Nga Hau e Wha


Ngā Hau e Whā
From the Editor

“Cultural connection” or “connectedness” are terms used with increasing frequency, but what do they really mean? The reality is that cultural connectedness means something different for everyone, and most largely relates to one’s life experiences. In a Ngāi Tahu context, does being culturally connected mean living in the takiwā and being actively involved in the local activities of the iwi, or can one have a meaningful connection living in the North Island or further afield? With more than 50 per cent of the iwi living outside of the takiwā, this is an interesting consideration.

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Ngā Hau e Whā
From the Editor

In this issue we take the opportunity to acknowledge Tā Mark Solomon on his 18 years as Kaiwhakahaere o Te Rūnanga o Ngāi Tahu. We reflect upon his contribution to Ngāi Tahu, to Māoridom, and in fact to the whole of Aotearoa.

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Ngā Hau e Whā
From the Editor

On flicking through the pages of this issue for the first time, what initially struck me was the important and varied role marae continue to play for whānau and their local communities – the beating heart. Nowhere has this been more apparent in recent times than Takahanga Marae in Kaikōura – the extraordinary effort of…

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Ngā Hau e Whā
From the Editor

Earlier this month I had the pleasure of attending a weaving wānanga at Awarua Marae. From the moment I arrived I was struck by the overwhelming sense of whanaungatanga and community among this group of wāhine who have been coming together monthly for the past year-and-a-half to learn the art of weaving korowai.

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Ngā hau e whā
From the editor

This is it. My last issue as editor of TE KARAKA. Yes, that means an enormous sadness. It was a privilege to be called to the role as editor at the beginning of 2012. Former editor Faumuinā Tafuna’i was returning to her homeland of Samoa and I had been living in Auckland with my family. We were ready for the change and I was more than ready to work for the tribe.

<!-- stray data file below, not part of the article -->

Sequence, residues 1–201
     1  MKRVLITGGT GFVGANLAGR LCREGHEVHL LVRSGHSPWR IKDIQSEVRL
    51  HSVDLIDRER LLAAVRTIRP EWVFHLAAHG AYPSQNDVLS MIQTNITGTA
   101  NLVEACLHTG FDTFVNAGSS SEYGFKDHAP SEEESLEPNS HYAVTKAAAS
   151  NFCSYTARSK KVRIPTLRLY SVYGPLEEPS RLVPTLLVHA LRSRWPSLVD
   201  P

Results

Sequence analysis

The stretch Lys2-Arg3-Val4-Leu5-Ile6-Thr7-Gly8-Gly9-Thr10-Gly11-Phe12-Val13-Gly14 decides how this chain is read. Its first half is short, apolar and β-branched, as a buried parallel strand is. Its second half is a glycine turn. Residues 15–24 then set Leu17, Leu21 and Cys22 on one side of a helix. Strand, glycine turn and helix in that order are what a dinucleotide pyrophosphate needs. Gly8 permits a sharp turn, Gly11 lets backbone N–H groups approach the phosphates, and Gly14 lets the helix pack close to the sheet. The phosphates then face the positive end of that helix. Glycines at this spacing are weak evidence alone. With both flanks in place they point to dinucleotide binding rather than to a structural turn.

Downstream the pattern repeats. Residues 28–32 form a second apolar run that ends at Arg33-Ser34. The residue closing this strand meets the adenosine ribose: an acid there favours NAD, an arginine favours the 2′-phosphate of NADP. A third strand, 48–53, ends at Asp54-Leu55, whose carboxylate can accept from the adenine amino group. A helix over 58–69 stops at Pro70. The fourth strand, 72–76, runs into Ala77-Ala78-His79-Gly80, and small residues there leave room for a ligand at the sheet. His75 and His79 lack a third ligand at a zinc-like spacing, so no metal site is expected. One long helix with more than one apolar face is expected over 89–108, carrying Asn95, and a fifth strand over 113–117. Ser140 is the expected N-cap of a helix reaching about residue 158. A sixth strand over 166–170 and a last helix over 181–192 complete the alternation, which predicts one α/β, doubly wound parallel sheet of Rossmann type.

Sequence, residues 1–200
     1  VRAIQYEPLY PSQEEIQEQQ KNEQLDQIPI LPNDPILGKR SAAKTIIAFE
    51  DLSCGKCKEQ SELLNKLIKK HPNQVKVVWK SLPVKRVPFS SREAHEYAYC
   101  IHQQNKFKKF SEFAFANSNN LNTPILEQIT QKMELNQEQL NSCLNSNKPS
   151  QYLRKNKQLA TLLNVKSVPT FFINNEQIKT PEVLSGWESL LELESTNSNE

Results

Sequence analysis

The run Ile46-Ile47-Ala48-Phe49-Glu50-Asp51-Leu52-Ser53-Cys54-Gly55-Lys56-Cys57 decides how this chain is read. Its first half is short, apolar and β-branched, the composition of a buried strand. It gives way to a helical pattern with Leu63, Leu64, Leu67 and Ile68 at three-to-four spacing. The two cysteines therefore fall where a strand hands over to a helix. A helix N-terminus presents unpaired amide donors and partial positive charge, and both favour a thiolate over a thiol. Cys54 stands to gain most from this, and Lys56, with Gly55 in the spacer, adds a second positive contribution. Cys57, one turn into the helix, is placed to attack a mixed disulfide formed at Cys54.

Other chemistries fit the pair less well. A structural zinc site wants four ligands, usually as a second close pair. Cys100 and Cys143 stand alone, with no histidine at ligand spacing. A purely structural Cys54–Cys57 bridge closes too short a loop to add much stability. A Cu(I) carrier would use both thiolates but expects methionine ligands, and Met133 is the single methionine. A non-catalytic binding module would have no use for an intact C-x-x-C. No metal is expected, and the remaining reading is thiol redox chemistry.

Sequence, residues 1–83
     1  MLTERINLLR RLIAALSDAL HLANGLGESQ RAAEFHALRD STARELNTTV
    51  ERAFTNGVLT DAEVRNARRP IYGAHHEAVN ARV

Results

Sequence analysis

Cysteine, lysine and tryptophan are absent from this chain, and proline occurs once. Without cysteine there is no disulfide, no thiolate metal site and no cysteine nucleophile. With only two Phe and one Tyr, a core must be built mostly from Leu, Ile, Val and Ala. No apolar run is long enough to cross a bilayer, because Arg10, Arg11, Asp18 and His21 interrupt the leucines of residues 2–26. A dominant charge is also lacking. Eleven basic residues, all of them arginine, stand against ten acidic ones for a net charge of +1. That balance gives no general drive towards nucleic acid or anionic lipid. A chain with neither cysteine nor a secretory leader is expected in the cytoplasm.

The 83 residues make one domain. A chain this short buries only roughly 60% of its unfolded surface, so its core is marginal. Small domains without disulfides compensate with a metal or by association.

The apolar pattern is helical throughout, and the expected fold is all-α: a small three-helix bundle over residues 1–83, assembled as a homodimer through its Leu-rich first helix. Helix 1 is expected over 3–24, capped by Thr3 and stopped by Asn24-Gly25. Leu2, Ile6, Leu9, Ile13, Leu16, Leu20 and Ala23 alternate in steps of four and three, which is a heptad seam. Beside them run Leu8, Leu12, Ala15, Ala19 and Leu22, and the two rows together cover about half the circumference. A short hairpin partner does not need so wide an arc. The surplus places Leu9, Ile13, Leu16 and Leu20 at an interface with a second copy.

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From the editor

Ngā hau e whā Megan Tamati-Quennell The invitation to be the guest editor for this issue of TE KARAKA was an opportunity that allowed me to make a contribution to the tribe in a way that I could. It enabled me to draw on some of the expertise I have developed as an art curator…

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From the editor

Haere rā Harry Evison. It has often been said that although Ngāi Tahu knew for generations that they had been swindled by the Crown, it was historian Harry Evison who was crucial in showing how.

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From the editor

Haere rā Uncle Hori. Haere rā Uncle Rik.

One was widely known for his kōrero and his tireless work on Te Kerēme. The other was widely known for his tireless mahi in protecting kaimoana. Henare Rakiihia Tau lodged Wai 27 with the Waitangi Tribunal on behalf of Ngā Tahu on behalf of the Ngāi Tahu Trust Board. That simple act set in train the events that enabled Ngāi Tahu to move on from decades of grievance.

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From the editor

Sometimes connections are obvious, at other times they unfold unexpectedly. In this issue, Tā Tipene O’Regan talks about his relationship with Dr Cliff Whiting who was recently honoured at the Arts Foundation Icon Awards. The awards recognise New Zealand artists who have made a significant contribution to the country and their art form. There are only 20 Icons at any time.

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Big ups for Canterbury marae

The Canterbury District Health Board has praised Canterbury marae for their leadership role following the earthquakes. “Marae played a vital, central role in the response and recovery after the earthquakes,” Emma Rawson of the Canterbury District Health Board told the Public Health Association’s annual conference. “Māori values like manaakitanga have been key – marae were…

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